Medical Field: Pediatrics
Award: Winner
Country: Croatia
Year: 2021
Research Work: Geospatial clustering of childhood IgA vasculitis and IgA vasculitis-associated nephritis
Published in: Annals of the Rheumatic Diseases


Research is like a box of chocolates. You never know what you are going to get.


Matej Šapina, MD, PhD, works as a pediatric resident at the Pediatrics Clinic at the University hospital Osijek in Croatia. He is one of two finalists in the field of Pediatrics. For him, being named a finalist is proof that others recognize the value of his work. 

Matej Šapina, MD, PhD, has a wide range of research interests, from basic biomedical research to clinical research. These include biomedical signal processing, autonomic nervous system maturation, pediatric rheumatology, clinical epidemiology, and biostatistics, and he has had various opportunities to work with colleagues from around the world on different research topics. This led him to develop his programming skills to apply modern analytical techniques in his scientific work.

In his research, Matej Šapina, MD, PhD, was interested in IgA vasculitis (IgAV) or better known as Henoch-Schonlein purpura. It is the most common vasculitis in children, characterized by various signs and symptoms: purpuric skin lesions, joint and kidney involvement, and abdominal pain.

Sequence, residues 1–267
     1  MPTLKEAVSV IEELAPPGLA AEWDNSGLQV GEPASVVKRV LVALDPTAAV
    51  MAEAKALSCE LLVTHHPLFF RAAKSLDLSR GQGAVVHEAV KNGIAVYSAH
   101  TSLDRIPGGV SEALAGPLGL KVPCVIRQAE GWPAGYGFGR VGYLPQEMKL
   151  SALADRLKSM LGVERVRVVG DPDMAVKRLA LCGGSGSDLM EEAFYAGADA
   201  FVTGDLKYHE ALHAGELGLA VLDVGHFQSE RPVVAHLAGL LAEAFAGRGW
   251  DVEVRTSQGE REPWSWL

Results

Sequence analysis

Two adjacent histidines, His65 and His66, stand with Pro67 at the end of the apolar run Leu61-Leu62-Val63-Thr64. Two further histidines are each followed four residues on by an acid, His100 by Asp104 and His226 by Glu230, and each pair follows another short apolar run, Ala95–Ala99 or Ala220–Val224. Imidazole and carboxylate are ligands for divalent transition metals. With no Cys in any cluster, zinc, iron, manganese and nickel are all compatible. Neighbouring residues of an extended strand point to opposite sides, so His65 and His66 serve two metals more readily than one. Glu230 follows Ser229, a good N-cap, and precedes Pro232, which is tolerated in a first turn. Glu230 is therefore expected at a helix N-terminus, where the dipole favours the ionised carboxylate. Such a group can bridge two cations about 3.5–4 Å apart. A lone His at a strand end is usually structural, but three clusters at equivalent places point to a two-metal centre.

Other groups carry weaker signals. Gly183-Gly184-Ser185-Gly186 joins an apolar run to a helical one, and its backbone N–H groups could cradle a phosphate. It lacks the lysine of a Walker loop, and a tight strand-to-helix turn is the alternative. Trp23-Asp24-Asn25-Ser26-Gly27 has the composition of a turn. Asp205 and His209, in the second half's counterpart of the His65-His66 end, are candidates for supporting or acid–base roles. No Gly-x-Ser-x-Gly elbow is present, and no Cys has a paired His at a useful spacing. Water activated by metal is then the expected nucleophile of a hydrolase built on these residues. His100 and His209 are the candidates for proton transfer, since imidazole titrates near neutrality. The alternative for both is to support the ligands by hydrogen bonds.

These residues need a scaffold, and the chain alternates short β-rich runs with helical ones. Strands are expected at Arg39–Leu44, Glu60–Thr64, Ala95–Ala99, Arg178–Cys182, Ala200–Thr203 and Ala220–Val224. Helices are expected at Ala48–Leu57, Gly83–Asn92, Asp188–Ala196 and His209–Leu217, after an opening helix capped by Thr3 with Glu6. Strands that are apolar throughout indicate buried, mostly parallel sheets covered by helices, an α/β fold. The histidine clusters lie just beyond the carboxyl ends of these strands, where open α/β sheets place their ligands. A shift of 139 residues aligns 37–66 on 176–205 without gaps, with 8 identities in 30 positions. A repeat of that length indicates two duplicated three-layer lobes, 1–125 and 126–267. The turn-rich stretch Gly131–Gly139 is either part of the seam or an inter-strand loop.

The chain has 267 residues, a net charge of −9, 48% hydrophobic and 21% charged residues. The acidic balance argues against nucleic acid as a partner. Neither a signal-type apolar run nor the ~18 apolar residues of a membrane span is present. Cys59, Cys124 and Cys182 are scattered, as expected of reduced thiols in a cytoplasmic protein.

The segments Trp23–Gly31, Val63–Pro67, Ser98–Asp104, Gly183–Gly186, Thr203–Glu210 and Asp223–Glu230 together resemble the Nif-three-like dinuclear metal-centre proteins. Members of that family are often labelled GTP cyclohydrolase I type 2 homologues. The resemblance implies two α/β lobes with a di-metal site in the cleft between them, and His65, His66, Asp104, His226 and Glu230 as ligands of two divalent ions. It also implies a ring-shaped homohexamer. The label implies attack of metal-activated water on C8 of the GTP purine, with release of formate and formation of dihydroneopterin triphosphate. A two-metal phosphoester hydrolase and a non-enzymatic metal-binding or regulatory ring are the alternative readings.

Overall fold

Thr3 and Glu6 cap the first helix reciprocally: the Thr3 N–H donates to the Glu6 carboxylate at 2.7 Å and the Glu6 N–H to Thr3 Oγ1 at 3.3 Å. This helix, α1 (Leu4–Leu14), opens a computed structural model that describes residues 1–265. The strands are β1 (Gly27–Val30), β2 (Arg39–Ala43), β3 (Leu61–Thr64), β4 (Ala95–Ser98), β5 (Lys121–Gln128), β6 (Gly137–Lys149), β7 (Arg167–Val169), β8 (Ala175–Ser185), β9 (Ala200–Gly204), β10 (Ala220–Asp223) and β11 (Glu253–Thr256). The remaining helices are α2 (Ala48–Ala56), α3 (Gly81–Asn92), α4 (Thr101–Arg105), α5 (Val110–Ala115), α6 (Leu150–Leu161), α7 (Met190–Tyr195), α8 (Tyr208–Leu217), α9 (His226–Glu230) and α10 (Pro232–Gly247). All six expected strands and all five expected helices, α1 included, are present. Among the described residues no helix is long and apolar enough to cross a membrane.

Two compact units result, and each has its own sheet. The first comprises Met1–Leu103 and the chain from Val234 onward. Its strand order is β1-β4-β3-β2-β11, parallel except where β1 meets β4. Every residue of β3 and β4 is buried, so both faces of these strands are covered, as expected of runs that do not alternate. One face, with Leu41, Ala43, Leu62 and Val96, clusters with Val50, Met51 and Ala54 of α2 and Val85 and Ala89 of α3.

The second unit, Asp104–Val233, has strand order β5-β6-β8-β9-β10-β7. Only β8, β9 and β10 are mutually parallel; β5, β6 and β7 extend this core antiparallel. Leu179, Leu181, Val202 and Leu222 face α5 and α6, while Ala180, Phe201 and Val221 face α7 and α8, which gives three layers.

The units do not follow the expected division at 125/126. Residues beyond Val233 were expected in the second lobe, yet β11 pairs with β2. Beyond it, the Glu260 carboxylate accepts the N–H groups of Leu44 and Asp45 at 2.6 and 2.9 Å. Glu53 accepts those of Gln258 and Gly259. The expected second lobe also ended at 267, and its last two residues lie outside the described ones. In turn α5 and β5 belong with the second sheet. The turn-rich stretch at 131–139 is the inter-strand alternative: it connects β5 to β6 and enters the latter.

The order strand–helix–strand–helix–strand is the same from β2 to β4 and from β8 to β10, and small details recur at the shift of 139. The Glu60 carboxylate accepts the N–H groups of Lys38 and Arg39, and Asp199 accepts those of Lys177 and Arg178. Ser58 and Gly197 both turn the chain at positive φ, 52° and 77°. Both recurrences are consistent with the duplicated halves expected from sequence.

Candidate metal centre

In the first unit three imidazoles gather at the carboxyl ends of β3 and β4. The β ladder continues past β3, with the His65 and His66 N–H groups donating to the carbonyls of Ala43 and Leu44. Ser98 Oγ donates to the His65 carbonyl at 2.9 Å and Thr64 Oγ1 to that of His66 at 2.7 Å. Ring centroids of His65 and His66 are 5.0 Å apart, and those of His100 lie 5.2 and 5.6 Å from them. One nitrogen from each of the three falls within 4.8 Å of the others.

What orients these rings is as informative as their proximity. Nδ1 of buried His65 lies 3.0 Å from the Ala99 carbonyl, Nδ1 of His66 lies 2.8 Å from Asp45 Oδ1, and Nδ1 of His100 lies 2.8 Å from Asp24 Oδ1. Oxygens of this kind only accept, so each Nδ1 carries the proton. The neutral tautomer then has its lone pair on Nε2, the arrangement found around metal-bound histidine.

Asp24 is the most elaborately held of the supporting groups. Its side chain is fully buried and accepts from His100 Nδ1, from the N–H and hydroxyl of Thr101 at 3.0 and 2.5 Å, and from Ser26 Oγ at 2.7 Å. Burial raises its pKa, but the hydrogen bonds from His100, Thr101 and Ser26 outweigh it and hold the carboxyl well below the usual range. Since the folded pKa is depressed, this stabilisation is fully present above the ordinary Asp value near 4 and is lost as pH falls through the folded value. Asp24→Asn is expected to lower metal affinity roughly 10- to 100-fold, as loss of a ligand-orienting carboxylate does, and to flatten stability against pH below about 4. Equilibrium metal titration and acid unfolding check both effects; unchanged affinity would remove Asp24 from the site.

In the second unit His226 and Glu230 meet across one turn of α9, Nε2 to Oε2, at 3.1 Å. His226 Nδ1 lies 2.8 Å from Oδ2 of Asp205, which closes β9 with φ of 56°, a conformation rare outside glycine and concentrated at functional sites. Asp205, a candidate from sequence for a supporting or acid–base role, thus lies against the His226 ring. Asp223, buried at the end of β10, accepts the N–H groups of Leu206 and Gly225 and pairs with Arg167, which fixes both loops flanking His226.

We took a novel approach to our research. Using complex modern analytical methods, we wanted to find out how IgAV is distributed in space. The main idea was to investigate a general hypothesis based on Tobler's first law of geography: 'Everything is related to everything, but near things are more related than distant things.' And if close things are indeed more related than distant things, then we hypothesized that the occurrence of IgA vasculitis (IgAV) and IgA vasculitis-associated nephritis (IgAVN) might be spatially clustered.

The results showed two different types of spatial clustering of IgAV and IgAVN. IgAV is mainly found near cities, while they observed a linear clustering of IgAVN along the Drava and Danube rivers. Their work has provided a foundation and framework for further research that can focus on identifying possible genetic or environmental causes. It can also serve as an illustrative example of non-communicable diseases in shaping public health policy.

The most beautiful thing about our work is that we manage to cure the patient. When the patient goes home healthy, I am satisfied personally, intellectually and as a human being. I have managed to help someone, based on my knowledge, to continue their life the way they originally started it, and that's actually a minor difficulty that occurred temporarily.